The "God Beat" Takes a Beating

The economic downturn has obviously hurt newspapers a great deal, but it’s hard to say which areas of coverage have been depleted the most. I have talked to people in many realms — international reporting, business, sports, entertainment — who claim their domain has been particularly hard hit. (Here’s a map from Paper Cuts that shows 2009 newspaper layoffs.)

But Cathleen Falsani, the Chicago Sun-Times‘s recently departed religion writer, makes the point that she is just one of four prominent religion writers who have been moved off their beats in the past month. The others are Michael Paulson of the Boston Globe, Eric Gorski at the A.P., and Peter Steinfels at The Times. This hardly means that religion will no longer be covered at those institutions, but that’s an awful lot of high-end human capital to leave one beat in a short time. I wonder what kind of religion articles we won’t be reading in the future as a result.

Dan Stewart

#8 -Casey says: "They obviously do not think much of religion, but it's this kind of attitude that gives fuel to the religious extremists."

This suggests that because I don't take religion seriously that some religious person will be offended and become extreme. If such is the case, then I would argue that the religious person was an extremist in the first place.

Bob Smietana

It's worth noting that Paulsen won a Pulitzer as part of the team of reporters that covered the Catholic priest sex scandal.
There's a lot of human capital left here on the Godbeat but it's a lonelier place with these four.


I'm not surprised that a number of commentators have advocated getting rid of religion. A number of enlightened leaders have already gotten rid of religion: Lenin, Pol Pot, Kim Il-Sung, and Mao Zedong. The results speak for themselves.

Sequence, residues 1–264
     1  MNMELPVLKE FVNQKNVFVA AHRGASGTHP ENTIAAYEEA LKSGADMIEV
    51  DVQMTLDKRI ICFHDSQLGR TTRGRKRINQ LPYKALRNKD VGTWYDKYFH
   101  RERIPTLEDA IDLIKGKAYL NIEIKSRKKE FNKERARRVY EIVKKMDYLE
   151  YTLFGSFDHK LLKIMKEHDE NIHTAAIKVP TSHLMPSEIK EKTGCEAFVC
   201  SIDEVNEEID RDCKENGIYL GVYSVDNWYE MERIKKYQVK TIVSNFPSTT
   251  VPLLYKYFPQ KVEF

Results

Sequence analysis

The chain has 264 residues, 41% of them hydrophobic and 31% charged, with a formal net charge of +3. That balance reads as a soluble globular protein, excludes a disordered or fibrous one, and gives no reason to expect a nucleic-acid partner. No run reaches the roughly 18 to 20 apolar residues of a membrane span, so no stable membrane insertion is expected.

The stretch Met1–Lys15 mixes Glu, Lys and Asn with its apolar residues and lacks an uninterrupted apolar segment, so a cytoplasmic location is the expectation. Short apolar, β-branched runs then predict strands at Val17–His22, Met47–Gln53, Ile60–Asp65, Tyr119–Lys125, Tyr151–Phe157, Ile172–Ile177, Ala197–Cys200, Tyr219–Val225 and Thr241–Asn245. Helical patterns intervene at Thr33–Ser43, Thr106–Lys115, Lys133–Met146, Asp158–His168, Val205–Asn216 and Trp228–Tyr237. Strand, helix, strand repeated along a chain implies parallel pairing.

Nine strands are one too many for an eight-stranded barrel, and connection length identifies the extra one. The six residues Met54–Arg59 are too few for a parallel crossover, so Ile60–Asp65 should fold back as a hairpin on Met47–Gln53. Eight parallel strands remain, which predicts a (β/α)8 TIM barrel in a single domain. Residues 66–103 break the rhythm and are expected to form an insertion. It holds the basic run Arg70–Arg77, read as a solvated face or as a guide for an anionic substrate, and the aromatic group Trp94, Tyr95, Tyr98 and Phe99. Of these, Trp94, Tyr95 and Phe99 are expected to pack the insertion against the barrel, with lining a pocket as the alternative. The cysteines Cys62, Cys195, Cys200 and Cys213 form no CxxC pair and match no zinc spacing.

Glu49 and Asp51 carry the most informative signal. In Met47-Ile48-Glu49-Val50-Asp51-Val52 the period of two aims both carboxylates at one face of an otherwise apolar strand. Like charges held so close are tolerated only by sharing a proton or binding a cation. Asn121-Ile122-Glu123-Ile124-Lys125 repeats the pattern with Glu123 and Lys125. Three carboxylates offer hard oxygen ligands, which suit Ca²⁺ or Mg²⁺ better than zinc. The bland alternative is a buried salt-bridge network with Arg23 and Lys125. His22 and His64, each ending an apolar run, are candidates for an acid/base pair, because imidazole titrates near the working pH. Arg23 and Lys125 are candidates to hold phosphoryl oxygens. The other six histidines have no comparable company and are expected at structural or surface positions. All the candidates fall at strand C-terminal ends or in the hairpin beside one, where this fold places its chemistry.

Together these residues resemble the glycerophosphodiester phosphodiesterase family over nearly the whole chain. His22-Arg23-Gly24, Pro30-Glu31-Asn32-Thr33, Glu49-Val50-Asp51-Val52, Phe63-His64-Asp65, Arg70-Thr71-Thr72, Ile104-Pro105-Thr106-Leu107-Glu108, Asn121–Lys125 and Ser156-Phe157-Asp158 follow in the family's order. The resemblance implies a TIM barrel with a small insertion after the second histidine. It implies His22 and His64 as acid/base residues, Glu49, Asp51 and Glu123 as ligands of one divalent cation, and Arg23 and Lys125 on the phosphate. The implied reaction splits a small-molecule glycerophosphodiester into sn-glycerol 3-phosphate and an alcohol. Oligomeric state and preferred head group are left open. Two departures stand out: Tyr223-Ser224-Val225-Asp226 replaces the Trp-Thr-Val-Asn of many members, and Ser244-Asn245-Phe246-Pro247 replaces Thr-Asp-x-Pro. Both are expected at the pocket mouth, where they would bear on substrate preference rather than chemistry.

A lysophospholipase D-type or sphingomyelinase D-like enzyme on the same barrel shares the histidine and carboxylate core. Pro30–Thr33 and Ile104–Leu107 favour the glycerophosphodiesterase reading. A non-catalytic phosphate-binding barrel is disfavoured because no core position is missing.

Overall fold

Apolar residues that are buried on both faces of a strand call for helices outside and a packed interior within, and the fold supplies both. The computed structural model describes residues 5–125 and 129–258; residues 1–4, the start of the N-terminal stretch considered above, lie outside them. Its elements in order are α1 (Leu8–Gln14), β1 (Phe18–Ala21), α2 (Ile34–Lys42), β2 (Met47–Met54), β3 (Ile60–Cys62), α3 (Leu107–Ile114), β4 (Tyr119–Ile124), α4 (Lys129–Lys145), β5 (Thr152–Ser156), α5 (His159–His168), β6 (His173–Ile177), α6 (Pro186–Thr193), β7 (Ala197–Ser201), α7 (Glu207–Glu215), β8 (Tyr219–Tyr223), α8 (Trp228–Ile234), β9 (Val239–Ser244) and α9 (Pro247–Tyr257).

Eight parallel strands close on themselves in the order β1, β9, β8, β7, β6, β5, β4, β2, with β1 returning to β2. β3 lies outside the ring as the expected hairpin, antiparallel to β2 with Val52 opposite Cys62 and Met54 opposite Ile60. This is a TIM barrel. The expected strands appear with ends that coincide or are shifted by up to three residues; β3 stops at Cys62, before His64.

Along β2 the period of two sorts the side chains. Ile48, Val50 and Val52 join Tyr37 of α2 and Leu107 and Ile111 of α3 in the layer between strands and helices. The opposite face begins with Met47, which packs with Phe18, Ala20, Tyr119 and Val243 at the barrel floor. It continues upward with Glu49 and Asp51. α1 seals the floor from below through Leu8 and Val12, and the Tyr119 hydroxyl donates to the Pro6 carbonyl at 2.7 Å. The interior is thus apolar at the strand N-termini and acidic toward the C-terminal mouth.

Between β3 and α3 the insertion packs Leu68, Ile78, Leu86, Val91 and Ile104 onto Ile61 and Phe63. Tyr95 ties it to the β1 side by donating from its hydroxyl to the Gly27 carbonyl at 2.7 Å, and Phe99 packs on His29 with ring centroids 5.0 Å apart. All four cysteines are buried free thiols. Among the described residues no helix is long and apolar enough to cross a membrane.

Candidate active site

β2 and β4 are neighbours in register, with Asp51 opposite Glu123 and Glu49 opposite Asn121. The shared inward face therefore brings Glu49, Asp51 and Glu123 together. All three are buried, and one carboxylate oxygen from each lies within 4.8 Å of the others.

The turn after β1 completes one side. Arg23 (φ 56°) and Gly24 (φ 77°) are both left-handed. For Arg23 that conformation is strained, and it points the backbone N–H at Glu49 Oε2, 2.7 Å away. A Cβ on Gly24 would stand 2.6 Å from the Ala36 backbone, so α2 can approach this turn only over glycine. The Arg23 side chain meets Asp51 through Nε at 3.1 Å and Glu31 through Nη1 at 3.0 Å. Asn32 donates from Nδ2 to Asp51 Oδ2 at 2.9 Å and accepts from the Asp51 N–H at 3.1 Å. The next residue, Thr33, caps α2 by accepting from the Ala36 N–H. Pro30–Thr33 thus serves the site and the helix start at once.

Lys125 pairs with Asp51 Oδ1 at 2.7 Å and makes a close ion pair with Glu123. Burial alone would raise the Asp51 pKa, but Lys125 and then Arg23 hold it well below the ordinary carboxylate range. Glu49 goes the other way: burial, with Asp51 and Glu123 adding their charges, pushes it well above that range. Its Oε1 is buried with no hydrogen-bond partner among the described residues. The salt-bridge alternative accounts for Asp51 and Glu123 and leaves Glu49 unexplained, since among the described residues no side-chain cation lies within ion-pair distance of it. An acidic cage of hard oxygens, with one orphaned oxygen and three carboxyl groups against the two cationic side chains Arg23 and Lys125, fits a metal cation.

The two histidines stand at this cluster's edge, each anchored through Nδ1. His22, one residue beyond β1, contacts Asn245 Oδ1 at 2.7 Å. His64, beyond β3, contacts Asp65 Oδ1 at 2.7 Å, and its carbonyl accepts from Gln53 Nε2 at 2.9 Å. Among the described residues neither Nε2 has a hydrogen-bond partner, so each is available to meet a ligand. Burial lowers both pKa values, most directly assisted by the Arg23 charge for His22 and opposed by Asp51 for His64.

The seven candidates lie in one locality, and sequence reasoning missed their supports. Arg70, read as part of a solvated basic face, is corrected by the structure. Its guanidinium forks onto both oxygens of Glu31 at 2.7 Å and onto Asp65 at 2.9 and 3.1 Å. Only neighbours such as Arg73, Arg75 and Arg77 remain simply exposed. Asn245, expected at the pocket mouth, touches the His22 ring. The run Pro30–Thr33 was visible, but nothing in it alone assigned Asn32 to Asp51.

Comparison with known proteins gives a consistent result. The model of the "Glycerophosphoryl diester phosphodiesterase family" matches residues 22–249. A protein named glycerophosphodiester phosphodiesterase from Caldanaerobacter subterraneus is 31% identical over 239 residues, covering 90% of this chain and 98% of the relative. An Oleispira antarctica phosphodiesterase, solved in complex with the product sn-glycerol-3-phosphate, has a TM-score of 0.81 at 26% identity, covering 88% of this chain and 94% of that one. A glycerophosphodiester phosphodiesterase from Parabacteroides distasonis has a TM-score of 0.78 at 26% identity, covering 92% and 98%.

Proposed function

Dan Stewart

#23 -kvl

No one here is advocating "getting rid of religion" - although I don't doubt that what you perceived after reading some of the comments, mine included.

We're just happy to say good riddance to religious reporting in the newspaper. You see, many of us simply have no use for religion and don't regret the loss of reporting on the subject. That's it; please don't read more into it than what was said.

You remark about "enlightened leaders" is so rich that I'll leave it unmolested to stand as another glaring example of the hypocrisy and delusion that is so rife in religion.

Eric M. Jones

24--Dan Stewart

"No one here is advocating "getting rid of religion" - "

Okay, I am. Let's get rid of religion.

Dan Stewart

Eric, that's not my intent ... but now that you mention it, okay fine.


Given the cuts that newspapers have been experiencing, I'm betting that there's been a bit of praying going on, if not on the pages of papers, at least in the newsrooms.


The hostility and intolerance displayed by those who consider themselves too enlightened to believe in God is striking, especially when it's the religious who are commonly accused of intolerance these days for holding to moral absolutes.

The loss of these religion correspondents will result in less articles that serve to promote understanding between people of faith and these 'enlightened' elitists. Although I don't expect God is wringing his hands in desperation over his loss of media coverage in the secular American press.


But this is all part of God's plan, just have faith.

There's always Fox news.


@15: "hostile comments"
@28: "hostility and intolerance"

Equating religion with the belief in Santa Claus or astrology, not caring if there's less religious coverage in serious newspapers and regretting the influence that religion has on US politics: these views represent neither hostility nor intolerance.

Picketing soldiers' funerals, issuing death threats to authors and cartoonists, flying planes into buildings, burning books, stoning adulterers: these are hostile actions; that's real intolerance.

If you like believing bronze age fairy stories, knock yourself out, but to call people intolerant just for laughing at superstitious nonsense is breathtaking hypocrisy.